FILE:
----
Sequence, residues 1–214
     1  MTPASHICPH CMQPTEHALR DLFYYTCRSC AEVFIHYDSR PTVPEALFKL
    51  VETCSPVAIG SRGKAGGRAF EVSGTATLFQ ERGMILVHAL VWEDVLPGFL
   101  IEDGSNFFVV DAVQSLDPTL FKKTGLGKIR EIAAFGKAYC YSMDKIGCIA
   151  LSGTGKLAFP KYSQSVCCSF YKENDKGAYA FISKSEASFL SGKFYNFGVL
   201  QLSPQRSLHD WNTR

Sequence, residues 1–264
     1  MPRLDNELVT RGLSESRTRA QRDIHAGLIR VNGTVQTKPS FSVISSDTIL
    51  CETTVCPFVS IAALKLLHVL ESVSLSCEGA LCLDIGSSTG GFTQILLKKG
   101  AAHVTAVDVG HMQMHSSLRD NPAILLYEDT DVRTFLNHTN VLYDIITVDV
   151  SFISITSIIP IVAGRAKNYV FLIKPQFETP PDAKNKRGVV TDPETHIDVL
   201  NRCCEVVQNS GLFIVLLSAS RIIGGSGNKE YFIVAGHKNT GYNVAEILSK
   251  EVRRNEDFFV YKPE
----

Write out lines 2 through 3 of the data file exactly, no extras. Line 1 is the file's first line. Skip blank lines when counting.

     1  MTPASHICPH CMQPTEHALR DLFYYTCRSC AEVFIHYDSR PTVPEALFKL
    51  VETCSPVAIG SRGKAGGRAF EVSGTATLFQ ERGMILVHAL VWEDVLPGFL